Long before editors were suddenly dispatching reporters into the American heartland in the wake of Donald Trump’s victory, Linh Dinh was already there, nursing a beer in a bar with his notebook and camera.
A writer and poet, Dinh went on a journalistic mission from April 2013 through June 2015, hitting corners of the country avoided by most national journalists. Camden, New Jersey; Joliet, Illinois; Centralia, Pennsylvania are among the many not-so-glamorous stamps on his passport, which make up a collection of his somber and wry dispatches that were originally published in bits and pieces on webzines, “Postcards from the End of America.”
It’s finally in Centralia where Dinh discovers a metaphor that could embrace his entire book. A coal mine fire that erupted in 1962 still rages on there, causing a slow but steady exodus from the cursed town by tens of thousands of residents. Now living far away, Centralians sometimes return to their Ukrainian church for weddings and, more often, funerals.
“Nourished by coal, this town has been destroyed by it,’’ Dinh notes.
Taking trains and buses through the country’s many forgotten corners, Dinh clearly loves talking with people and sometimes taking their pictures. Their stories are mostly devastating. Economic misfortune through a wave of downsizing and lower wages often combine with alcohol or drugs for a nasty cocktail – and Dinh is there to share a drink with them.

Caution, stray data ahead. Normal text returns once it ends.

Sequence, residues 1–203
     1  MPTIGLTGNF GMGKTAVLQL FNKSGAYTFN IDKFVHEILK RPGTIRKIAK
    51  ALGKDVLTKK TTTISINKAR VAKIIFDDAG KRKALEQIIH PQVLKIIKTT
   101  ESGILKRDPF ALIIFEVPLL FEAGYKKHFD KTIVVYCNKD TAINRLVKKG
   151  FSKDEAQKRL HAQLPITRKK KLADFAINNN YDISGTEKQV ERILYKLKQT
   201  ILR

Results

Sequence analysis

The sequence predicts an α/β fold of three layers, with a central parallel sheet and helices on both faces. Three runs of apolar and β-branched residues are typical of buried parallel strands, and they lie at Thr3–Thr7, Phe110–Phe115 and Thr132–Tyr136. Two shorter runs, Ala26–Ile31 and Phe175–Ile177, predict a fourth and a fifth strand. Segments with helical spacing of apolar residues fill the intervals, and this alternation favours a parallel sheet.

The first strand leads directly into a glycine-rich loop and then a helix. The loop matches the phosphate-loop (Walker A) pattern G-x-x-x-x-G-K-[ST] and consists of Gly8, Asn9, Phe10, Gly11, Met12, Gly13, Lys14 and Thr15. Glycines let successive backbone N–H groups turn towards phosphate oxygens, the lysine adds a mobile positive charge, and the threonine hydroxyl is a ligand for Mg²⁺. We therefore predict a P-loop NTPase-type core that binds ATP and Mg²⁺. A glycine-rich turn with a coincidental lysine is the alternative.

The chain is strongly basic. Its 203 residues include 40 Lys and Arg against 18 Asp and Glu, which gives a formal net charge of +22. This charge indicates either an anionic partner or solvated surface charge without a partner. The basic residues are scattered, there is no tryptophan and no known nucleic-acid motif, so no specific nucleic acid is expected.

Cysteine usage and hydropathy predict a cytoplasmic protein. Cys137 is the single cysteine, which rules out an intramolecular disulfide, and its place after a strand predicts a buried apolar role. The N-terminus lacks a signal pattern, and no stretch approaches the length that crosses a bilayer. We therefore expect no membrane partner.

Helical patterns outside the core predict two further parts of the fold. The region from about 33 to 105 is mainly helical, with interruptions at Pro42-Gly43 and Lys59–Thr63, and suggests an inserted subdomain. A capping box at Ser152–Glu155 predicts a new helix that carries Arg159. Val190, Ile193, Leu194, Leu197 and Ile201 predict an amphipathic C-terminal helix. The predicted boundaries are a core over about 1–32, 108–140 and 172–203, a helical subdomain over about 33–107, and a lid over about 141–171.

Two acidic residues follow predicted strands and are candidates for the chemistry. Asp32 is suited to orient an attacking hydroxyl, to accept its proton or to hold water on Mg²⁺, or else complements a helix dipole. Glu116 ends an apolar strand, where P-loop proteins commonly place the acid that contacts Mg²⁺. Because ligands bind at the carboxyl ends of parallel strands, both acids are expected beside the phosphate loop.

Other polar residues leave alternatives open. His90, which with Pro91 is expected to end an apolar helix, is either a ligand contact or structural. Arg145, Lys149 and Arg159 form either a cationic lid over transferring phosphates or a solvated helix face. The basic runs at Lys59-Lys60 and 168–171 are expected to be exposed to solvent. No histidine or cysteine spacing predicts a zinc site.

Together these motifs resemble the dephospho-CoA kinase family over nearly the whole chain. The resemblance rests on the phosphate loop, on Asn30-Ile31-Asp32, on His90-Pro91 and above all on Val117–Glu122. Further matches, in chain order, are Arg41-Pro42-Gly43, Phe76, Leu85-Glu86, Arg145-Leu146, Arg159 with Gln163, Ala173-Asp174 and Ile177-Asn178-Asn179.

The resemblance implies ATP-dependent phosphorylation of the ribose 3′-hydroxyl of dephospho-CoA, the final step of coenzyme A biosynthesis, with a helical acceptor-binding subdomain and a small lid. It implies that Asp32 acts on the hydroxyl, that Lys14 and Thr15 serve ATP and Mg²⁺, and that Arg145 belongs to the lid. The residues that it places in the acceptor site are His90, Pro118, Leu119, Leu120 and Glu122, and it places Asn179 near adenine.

Hovering over the book is Dinh’s own background and a bleak outlook on the country’s future. A Vietnamese refugee who came to America when he was eleven years old, Dinh is loudly ringing the alarm bell over American militarism. He believes that the country’s political system has victimized millions of Americans, including almost all of the book’s characters.
Politics lies mainly on the periphery for Dinh’s Americans. Capturing their attitude is Kurt, a man who Dinh befriends in Osceola, Iowa.
“Yes, it’s too windy, too cold, and you have all the politicians coming through, and they never stop coming. They’re always coming through,’’ he complains.
"While Dinh has nothing but contempt for politicians of any stripe, it would be curious to hear what he thinks about the Affordable Care Act, Social Security, or Medicaid. But policy isn’t the point of his book; it’s about the pain."
While millions of people living in places like Los Angeles, San Francisco, and New York are still scratching their heads about Trump’s victory six months ago, Dinh’s book anticipates the rise of someone like Trump long before he announced his candidacy.
As dark as his columns often are, their saving grace is Dinh’s love for humanity. As the fire rages in a mine miles below, Dinh is raising his beer, talking with another American survivor, and pointing his camera.